An Innovative Approach for Improving Mental Health Services in Underserved Communities in Los Angeles County
*Names in bold indicate Presenter
Background: Evidence shows that nearly 1 in 6 adults in California has “a mental health need” and 1 in 20 has a serious mental illness. Every 1 in 13 children are affected and in Los Angeles County 10% of adults are at risk of developing a mental health illness. In 2015, more than 37% of adults seeking mental health services in LA County reported symptoms of a mental health condition. With the rise in mental health illnesses, around half of adults and two-thirds of adolescents with a mental health illness are unserved or underserved at both the county and state level.
Methods: Our quantitative analysis will explore the relationship between the results of the Youth Outcome Questionnaire (YOQ), a parent-report measure of treatment progress for children and adolescents receiving treatment, and various explanatory variables. The YOQ is used as a primary mental health service evaluation tool for various age groups in LA County despite its design for youth and is valuable for monitoring the client’s progress during therapy sessions. In addition, we will conduct interviews and observations of staff and clients and other related participants to produce a case study highlighting the various strategies staff use to manage individual client cases. These strategies will shed light on how successful mental health providers fully utilize resources to maximize efficiency in service delivery.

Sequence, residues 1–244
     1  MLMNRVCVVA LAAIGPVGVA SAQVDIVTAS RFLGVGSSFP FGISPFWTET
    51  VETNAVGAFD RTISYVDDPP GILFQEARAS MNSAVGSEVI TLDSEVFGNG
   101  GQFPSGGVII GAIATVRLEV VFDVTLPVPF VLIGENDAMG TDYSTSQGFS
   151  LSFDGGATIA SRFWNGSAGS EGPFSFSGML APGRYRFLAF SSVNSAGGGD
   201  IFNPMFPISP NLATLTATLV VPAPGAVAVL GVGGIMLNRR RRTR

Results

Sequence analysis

To identify the most determinant factors that affect the YOQ Score, the research framework will cross-examine the influences of the service provider and the client on the score. We will assess the performance of therapists during treatment sessions and research client biographical data. For example, if we assume females and/or youth from small household sizes are more likely to benefit from mental health services or clients who perform well academically are more likely to be discharged from services early, then our findings may verify these assumptions and can be useful information for mental health providers who wish to redevelop their strategic plan with the goal of improving service delivery for underserved or unserved populations.
Implications: We expect our research findings will lend instruction on how to improve the service delivery of mental health providers in LA County and anticipate our quantitative analysis will provide insights on how to improve the quality of mental health services in California. Our case study will aim to highlight inefficiencies of county-level service delivery and legal procedures that prohibit the mobility of service providers to reach diverse populations in need of assistance.